But atmospheric stillness never lasts long in Kansas. The wind begins to blow, and our stifling breath grows more free. From the south the wind comes, reaching our, ears with a murmuring sound before we feel it in our faces. The prairie grass and fields of grain rise and fall, first in waves, and then in heaving billows. The wind increases in force and becomes a sirocco, scorching our faces worse than the hottest rays of the sun could do. There is no dignity in walking. We struggle with our skirts and wraps. We tie our hats down, we hold on to them with both hands, and still they escape us, and we rush madly after them. The clothes on the line at the next door flap wildly around, beating out their hems and splitting in every weakened spot, while the washer-woman is striving to keep her balance long enough to rescue them before their total destruction; lucky is she if they are not snatched from her grasp and scattered far over the prairie never to be recovered. Great tumble-weeds come rolling like hoops across the plain. Here comes a market-basket escaped from the hand of some urchin who for a moment forgot to be vigilant. We start to catch it for him, but it eludes us, and goes bumping over the prairie for half a mile or more, and is soon out of sight. A canvas-covered carriage is seized by the wind and rolled down the street. On the next house comes toppling down the stove-pipe chimney. Three or four “claim shanties” are laid over on their sides, and the builders of the large house in the upper part of the town will have to begin to-morrow putting up their frame anew. We think about tornadoes and cyclones, and then remark quietly, “This isn’t anything; just an ordinary straight blow.” Clouds of dust fill the air, penetrating the thickest veils, reddening our eyes, and sifting through the cracks of doors and windows to the utter ruin of all good housekeeping. The only comfort is in the thought that this state of things cannot last long; a change will surely come soon.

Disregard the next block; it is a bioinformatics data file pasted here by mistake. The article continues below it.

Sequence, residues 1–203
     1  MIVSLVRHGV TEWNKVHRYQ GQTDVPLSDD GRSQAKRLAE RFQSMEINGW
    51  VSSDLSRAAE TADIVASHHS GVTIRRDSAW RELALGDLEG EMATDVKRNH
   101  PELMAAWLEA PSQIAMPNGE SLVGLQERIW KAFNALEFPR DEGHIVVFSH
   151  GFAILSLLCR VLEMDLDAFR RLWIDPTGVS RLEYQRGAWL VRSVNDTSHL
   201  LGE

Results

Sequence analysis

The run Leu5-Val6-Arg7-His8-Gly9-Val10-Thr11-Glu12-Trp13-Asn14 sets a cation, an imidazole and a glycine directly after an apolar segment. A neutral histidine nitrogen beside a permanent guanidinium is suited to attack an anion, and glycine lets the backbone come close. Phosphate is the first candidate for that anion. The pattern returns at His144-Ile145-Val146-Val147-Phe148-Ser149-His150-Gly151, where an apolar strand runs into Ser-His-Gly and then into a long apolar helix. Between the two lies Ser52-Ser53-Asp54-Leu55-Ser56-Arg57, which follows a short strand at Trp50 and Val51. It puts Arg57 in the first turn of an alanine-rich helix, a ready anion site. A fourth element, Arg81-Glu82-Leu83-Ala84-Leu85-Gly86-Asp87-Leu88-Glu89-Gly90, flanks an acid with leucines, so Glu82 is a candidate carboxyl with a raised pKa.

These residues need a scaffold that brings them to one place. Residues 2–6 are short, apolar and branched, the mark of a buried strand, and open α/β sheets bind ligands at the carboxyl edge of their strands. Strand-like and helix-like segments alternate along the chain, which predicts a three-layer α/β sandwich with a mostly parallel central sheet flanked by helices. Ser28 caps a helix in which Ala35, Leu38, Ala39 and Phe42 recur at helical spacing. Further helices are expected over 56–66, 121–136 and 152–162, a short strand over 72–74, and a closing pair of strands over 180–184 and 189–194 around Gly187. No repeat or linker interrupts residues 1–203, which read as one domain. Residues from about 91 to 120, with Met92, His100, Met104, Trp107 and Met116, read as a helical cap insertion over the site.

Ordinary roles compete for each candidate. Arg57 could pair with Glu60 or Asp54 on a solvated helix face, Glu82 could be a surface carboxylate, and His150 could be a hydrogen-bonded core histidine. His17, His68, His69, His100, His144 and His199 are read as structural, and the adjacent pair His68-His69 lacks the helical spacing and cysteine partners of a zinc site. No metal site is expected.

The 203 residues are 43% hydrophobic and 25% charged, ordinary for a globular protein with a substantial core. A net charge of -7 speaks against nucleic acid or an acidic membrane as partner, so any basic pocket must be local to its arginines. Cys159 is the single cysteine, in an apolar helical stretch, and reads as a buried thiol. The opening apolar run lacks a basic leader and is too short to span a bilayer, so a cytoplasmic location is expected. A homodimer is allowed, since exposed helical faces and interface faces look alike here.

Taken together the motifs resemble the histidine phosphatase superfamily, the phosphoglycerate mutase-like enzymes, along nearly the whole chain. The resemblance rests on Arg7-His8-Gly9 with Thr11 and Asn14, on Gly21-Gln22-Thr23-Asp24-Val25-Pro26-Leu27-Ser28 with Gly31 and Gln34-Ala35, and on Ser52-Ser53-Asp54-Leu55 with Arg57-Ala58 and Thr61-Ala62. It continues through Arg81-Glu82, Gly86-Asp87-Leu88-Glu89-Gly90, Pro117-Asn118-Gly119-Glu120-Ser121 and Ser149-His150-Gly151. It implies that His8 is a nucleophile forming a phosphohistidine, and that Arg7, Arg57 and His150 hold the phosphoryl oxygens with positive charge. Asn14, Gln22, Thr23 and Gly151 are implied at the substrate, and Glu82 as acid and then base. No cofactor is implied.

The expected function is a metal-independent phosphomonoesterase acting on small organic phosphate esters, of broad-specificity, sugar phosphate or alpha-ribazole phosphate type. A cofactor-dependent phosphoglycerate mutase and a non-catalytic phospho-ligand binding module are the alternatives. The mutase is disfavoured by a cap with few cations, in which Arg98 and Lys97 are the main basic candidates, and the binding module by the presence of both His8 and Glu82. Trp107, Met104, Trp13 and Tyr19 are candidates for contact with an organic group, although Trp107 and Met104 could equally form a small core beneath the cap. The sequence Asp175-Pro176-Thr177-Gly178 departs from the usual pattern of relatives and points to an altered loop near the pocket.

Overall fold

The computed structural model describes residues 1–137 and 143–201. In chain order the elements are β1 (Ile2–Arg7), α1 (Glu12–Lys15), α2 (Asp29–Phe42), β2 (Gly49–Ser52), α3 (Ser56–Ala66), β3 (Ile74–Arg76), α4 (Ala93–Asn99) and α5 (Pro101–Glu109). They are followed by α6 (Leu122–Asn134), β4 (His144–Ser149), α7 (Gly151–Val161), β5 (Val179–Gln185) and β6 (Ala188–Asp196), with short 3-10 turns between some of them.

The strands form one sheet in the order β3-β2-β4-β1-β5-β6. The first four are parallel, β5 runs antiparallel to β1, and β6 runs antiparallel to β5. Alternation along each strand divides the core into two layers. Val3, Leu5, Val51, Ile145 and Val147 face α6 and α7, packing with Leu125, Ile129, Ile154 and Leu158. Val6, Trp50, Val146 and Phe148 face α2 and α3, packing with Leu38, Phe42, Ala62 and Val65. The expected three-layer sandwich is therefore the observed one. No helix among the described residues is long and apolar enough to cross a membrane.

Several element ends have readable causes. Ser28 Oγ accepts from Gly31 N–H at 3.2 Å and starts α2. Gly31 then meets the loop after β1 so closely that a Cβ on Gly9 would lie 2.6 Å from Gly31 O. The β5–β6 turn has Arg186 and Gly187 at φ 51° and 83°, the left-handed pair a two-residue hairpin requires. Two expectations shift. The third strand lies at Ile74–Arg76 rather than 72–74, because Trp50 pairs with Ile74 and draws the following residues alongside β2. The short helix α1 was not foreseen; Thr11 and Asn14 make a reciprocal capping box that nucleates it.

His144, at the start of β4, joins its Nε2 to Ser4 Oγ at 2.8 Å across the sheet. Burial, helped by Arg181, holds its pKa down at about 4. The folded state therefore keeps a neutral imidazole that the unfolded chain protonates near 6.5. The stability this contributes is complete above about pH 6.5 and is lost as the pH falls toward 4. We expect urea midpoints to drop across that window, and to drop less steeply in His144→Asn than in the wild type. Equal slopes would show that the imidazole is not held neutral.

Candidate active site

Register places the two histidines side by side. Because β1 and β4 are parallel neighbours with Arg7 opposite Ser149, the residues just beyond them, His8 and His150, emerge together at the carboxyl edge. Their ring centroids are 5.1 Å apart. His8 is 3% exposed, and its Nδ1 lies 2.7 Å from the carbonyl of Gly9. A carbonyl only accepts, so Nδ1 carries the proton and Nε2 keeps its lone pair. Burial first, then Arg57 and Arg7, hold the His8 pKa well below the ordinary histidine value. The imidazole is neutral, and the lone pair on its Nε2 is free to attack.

And here it comes. In the southeast, a black cloud appears, moving rapidly. We look anxiously to see if it is funnel-shaped, and a few nervous persons retreat to their cellars, or caves (that is, artificial excavations that serve as outside cellars for some of the houses). But this is not a tornado, only a Kansas shower. First comes a cloud of dust, sweeping with the rapidity of a whirlwind, and veiling the town from sight. The lightning blinds our eyes, and streaks the black sky with chains of light. Housewives bring sheets and pieces of old carpet to stop the cracks of the doors and windows on the windward side, and “hurry” must be the word, for in a moment the rain is upon us, not in drops, but in blinding sheets moving horizontally along. In a few moments the roadways are streams of running water, the tubs and rain barrels and cisterns are overflowing. The farmers exultingly exclaim, “This insures the corn crop,” and the local editor writes for his item column, “What slanderer said ‘Drouthy Kansas?’”

It is no longer rain; it is sleet and hail. Next comes a rift in the clouds, a perfect arch of rainbow, and the clouds roll away out of sight, leaving the clean-washed earth dotted with flowers. The afternoon wanes. The winds are still. The sun sinks in a blaze of golden glory, and almost without a twilight the day is ended. In the ocean of dark blue ether above and round us, the moon and stars are shining. It is the perfection of glorious night. We linger in its beauty, unwilling that sleep should claim the best hours of the twenty-four, but at last, the thought of to-morrow’s labors and vicissitudes drives us to our couch. We fall asleep, to awaken perhaps in a few hours and find that the bed-covering is insufficient. We wrap ourselves in all the blankets we can find, but are still cold, and grow colder. The south wind has given place to a norther, which creeps in through the seams of the windows, lifts the carpet in billows, and drives us back to our warmest flannels, and our rekindled fires.

In weather, as in almost all phases of this prairie life, it is the unexpected which usually happens. What adjective is there, applicable to weather, that may not be used in the superlative degree here! I do not wonder that this is called “Sunny Kansas,” but it is also windy Kansas. Yes, it is drouthy Kansas, but it is also fertile, beautiful Kansas.